k_{1} in the denominator of the quotient in __6.44__can be neglected. Also, a large value of *k* _{2} will give rise to approaching zero, based on the behaviour of the function e^{−}* ^{x}* (see Fig.

__6.16__). Under these conditions, Eq.

__6.44__becomes:

and thus shows the relationship (__6.47__) obtained with the steady-state approximation.

*Fig. 6.16*

The function e^{−}* ^{x}* anneals to zero when

*x*assumes very large values

It is found that *k* _{2} does not have to be much larger than *k* _{1} in order to obtain reasonably accurate results from the steady-state approximation. For example, *k* _{2} = 20·*k* _{1} already yields a good agreement.

**6.6.4 The Rate-Determining Step**

In the previous section, we have considered the special case of *k* _{2} ≫ *k* _{1} in the following set of consecutive reactions

which means that the first reaction proceeds a lot slower than the second reaction. The first reaction thus becomes the rate-determining step.

In consecutive reactions, the rate-determining step is the one with the lowest rate constant. In many cases, the rate law for a consecutive reaction with a rate-determining step can thus be written in a straight-forward way: the rate of the overall reaction equals the rate of the rate-determining step.

**6.6.5 Pre-Equilibria**

In many instances of consecutive reactions, the first reaction needs to be treated as an equilibrium process ( pre-equilibrium). We thus consider the case where an intermediate I is formed by reaction of A and B in an equilibrium reaction, and that the reaction to the product P proceeds a lot slower than the reverse reaction in the equilibrium:

Since we assume the product formation as rate-determining step, the rate constant for the second reaction takes a much smaller value than the rate constant for the reverse reaction of the equilibrium:

For the first reaction, the equilibrium constant is given by:

Substituting this into the rate law for the product formation yields:

(6.48)

This is the form of a 2nd-order rate law with the rate constant .

**6.6.6 Kinetic and Thermodynamic Control**

A common feature of reactions in organic chemistry (e.g. nitration of mono-substitute benzenes yielding *o*-, *m*-, *p*-derivatives) is the formation of multiple products from one set of reactants:

The relative proportion of products formed is given by the ratio of the two rates, and thus the two rate constants:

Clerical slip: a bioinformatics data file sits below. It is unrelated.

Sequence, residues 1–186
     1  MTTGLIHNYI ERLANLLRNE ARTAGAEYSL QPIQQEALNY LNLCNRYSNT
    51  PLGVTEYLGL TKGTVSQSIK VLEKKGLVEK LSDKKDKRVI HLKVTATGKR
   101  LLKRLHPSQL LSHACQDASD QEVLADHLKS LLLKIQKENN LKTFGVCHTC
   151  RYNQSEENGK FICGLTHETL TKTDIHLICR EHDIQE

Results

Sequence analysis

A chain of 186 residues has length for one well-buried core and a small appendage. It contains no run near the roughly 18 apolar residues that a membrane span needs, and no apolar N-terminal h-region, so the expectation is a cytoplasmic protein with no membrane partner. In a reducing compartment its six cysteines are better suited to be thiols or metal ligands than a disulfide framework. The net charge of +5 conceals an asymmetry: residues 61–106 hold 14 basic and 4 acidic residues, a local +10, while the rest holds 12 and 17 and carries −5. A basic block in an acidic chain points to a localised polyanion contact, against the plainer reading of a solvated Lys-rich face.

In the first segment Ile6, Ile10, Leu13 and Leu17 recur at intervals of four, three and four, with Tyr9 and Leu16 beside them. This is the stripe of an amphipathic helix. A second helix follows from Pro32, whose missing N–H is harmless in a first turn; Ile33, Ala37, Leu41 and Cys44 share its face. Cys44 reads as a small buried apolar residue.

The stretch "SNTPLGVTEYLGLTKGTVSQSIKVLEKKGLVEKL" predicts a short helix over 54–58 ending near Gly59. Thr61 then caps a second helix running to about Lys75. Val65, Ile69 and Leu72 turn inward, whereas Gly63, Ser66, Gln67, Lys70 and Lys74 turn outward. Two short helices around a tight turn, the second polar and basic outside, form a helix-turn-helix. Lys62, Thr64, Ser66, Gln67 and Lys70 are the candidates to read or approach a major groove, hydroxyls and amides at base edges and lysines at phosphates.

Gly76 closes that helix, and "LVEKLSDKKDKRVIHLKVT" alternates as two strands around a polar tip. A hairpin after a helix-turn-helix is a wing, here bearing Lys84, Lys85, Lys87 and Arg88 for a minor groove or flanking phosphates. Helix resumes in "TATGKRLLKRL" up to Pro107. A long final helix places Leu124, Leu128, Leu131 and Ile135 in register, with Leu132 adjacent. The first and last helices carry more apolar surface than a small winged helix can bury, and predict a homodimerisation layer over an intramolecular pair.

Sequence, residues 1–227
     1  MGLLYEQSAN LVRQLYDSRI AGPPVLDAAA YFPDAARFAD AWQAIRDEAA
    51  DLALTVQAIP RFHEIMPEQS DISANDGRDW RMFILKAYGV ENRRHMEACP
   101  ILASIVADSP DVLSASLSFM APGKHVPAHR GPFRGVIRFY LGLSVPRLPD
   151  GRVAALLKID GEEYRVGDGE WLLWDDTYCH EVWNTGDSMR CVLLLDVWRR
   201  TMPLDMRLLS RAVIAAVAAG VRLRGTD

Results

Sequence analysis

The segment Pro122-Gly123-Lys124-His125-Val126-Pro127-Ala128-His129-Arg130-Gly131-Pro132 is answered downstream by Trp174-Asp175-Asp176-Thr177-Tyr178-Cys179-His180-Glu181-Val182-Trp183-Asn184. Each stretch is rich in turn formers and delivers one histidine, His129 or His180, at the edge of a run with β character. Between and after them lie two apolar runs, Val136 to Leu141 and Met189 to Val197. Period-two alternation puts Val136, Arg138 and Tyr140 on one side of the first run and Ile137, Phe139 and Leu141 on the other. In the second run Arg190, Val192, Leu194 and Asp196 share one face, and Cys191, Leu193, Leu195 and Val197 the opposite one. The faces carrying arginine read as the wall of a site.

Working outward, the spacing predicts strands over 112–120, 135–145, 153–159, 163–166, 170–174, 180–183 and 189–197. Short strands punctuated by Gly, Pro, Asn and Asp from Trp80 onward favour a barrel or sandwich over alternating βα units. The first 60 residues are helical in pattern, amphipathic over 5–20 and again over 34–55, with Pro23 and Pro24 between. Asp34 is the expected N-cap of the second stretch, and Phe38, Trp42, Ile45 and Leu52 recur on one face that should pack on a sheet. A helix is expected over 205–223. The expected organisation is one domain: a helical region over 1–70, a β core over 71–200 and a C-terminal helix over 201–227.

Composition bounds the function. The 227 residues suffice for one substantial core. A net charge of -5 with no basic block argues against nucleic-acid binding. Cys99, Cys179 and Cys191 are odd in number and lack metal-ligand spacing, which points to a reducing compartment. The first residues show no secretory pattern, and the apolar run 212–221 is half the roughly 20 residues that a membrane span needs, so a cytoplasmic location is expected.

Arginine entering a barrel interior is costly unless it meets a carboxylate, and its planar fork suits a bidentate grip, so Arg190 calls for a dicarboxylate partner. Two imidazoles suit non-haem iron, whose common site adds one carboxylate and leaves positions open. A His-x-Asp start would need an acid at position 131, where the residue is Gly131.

(6.49)

The ration given by Eq. __6.49__ is due to the kinetic control over the proportion of products formed. Notably, this refers to the concentration of products produced at any stage during the reaction, i.e. before the reaction reached equilibrium. Kinetic control is also the reason for the occurrence of electrochemical overpotentials; cf. Sect. __4.2.1__). If a reaction is allowed to reach equilibrium, then the proportion of products is determined by the thermodynamic considerations. The ratio is then under thermodynamic control.

**6.6.7 The Lindemann—Hinshelwood Mechanism**

Examples for unimolecular reactions such as

are homogeneous gas phase reactions that appear to follow 1st-order kinetics, such as e.g. the isomerisation of cyclo-propane:

For a 1st-order kinetics, the following rate law can be formulated:

However, in order to react in this gas phase process, an individual molecule needs to acquire enough energy through collision. Since the collision is a bimolecular process, the question arises how this may still adhere to a kinetic law of 1st-order.

A closer look reveals that there is an elementary unimolecular step in this process (hence 1st-order gas phase reactions are called unimolecular reactions), but there is also a bimolecular step in the overall reaction. Lindemann and Hinshelwood provided a plausible mechanism:

If the unimolecular step of product formation is slow enough to be rate-determining, then the overall reaction will have a 1st-order kinetics (as observed).

The reaction rates for the above set of elementary reactions can be derived as:

From these individual rates, the net rate of formation of A^{*} is thus:

Applying the steady-state approximation, , yields:

This can be re-arranged to:

which yields for the rate of product formation from this rigorous consideration:

(6.50)

However, this is not a 1st-order rate law!

Two special cases can be singled out. If the overall pressure in the reaction vessel is sufficiently high, the rate of de-activation by collisions between A^{*} and A is greater than the rate of the product formation, then

and we can neglect *k _{2}* in the denominator of above product rate and obtain

(6.51)

which describes a rate law for a 1st-order reaction.

What happens if the overall pressure in this gas phase reaction is lowered, for example by decreasing the concentration of gas A?

If the number of A molecules is decreased, the activation and de-activation reactions are affected. In particular, it becomes less likely that A^{*} molecules are de-activated, since less A molecules are available for a collision. In relation to the de-activation, the product formation step will be more likely. Therefore, at low concentration of A:

This means we can neglect *k* _{−1} ⋅ *c*(A) in the denominator of Eq. __6.50__, and thus obtain:

(6.52)

This means that if we reduce the pressure of A (i.e. the concentration), then the reaction should switch to a 2nd-order rate law, since the activation step becomes rate-determining.

The Lindemann—Hinshelwood mechanism can be experimentally tested, because the 1st-order rate law (Eq. __6.51__) was obtained with the assumption that the rate of de-activation by collisions between A^{*} and A is greater than the rate of the product formation. This will only be the case, if there are enough molecules A available for frequent collisions. For the second case of low concentration of A (or, more generally, low overall pressure), a 2nd-order rate law is obtained (Eq. __6.52__).